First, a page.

Many of the objects you are researching have articles and sometimes even entire books written about them. If not, you should find some articles. If you cannot find enough items, broaden your search to find a book about the artist, designer, or culture.

Once you find a suitable item, use its call number and browse the shelves for similar items.

OwlCat Extended Search screen

Step 5. Search the Databases

Check out the Databases listed on the Library website. OwlCat's search results may be overwhelming, so it may be easier to search each research database individually.

Art Source is arguably the best for art courses and is tightly integrated into OwlCat. ProQuest Research Library also covers many art and desing publications; however, its results may not show up as much in OwlCat.

Explore our research databases!

Art Source OmniFile

Step 6. Create a Bibliography

You will then create a bibliography of at least 2 sources--books, museum websites, or journal articles. Wikipedia won't really count as one of your sources since it's really just about finding background information or referrals to other sources.

If you include websites in your bibliography, make sure they are educationally oriented. Find out who wrote them and what their credentials are. For instance, museum websites are often written by curators/art historians whose purpose is the educate. Additionally, Smarthistory, now part of Khan Academy, discusses many iconic works and these are written by PhD. art historians. If you find something on this site, it would be a very good source. Make sure your web sources are Quality Web Sources.

Image: Reasonist Products

The Credible Hulk always cites his sources.

Step 7. Write Evaluative Annotations

You must annotate and evaluate the sources in the bibliography or works cited list. Remember, the annotations must include the credentials of the author and the type of information (scholarly, popular, etc.), and the intended audience of the publication. See:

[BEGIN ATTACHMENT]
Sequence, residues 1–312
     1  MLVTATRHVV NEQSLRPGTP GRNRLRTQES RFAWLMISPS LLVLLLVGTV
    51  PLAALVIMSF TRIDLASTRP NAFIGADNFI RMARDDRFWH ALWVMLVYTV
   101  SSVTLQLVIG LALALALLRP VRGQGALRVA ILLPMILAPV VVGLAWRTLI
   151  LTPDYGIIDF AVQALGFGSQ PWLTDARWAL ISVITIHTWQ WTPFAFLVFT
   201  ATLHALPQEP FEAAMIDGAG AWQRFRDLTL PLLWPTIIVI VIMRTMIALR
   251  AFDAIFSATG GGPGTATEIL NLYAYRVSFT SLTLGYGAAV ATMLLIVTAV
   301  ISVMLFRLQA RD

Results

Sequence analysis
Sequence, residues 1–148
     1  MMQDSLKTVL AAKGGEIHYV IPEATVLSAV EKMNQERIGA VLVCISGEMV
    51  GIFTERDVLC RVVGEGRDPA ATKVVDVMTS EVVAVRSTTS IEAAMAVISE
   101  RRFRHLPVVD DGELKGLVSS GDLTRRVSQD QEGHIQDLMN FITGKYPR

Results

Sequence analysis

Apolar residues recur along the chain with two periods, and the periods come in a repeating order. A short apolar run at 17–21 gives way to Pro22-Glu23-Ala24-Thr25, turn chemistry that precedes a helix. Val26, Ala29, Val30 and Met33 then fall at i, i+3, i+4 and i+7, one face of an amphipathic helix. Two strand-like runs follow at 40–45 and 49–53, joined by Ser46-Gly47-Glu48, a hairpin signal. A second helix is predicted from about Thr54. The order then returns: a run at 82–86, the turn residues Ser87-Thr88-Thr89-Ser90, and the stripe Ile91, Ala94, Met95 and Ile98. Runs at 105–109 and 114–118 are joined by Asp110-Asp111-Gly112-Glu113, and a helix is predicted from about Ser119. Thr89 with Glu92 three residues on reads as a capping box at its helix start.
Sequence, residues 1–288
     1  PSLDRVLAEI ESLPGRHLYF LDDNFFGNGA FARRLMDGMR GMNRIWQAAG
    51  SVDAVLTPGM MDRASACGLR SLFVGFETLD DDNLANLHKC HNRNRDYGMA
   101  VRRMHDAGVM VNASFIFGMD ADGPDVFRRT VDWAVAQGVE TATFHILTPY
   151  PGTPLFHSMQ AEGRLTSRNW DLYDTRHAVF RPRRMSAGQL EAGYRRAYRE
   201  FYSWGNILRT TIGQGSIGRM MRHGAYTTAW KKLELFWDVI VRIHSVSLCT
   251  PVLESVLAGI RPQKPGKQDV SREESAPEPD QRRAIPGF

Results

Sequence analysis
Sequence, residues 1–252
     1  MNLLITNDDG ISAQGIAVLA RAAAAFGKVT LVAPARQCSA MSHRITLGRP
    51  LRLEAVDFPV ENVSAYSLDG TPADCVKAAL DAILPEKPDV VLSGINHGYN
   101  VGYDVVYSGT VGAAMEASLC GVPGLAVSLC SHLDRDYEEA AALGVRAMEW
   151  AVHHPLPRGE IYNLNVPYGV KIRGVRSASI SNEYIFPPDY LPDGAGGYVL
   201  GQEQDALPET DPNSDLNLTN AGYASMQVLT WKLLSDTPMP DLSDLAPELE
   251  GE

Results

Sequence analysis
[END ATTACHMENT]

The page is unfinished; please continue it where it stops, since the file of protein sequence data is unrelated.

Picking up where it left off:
Image: FuzzBones


Relevant Databases

Video: Searching Is Strategic

Locating information requires a combination of inquiry, discovery, and serendipity. There is no one size fits all source to find the needed information. Information discovery is nonlinear and iterative, requiring the use of abroad range of information sources and flexibility to pursuit alternate avenues as new understanding is developed. Depending on the information need and context, the learner may need to consult a variety of resources ranging from databases and books to observations and interviews.

Minimum Requirements

Foundation Level Competency

C - level Information Literacy

Source information is RESTATED to support topic and includes TWO annotations that may be from books, database articles, or academic/museum/ professional websites.

Sources must appear as in‐text citations and on a works cited page

Each annotation must include 3 of the following criteria:

  1. Author’s credentials related to topic
  2. Description of type of source/audience
  3. Discussion of purpose/point of view
  4. Discussion of currency of the source
  5. Explain why the source is relevant to the assignment.

Complete Foundation Rubric

Do You Need Citation Help?

The Library offers a variety of information literacy instruction. Instructors may request an in-class workshop for Annotations and/or Citations by filling out this form.

The Student Learning Center (SLC) also provides drop-in tutoring. Be sure sure to check their current hours here.

You may also visit the Library for citation help, or use the Ask a Librarian form on the Library website.

See also:

Otis College of Art and Design | 9045 Lincoln Blvd. Los Angeles, CA 90045 | Otis Dashboard

Millard Sheets Library | Library Dashboard Site | 310-665-6930 | Ask a Librarian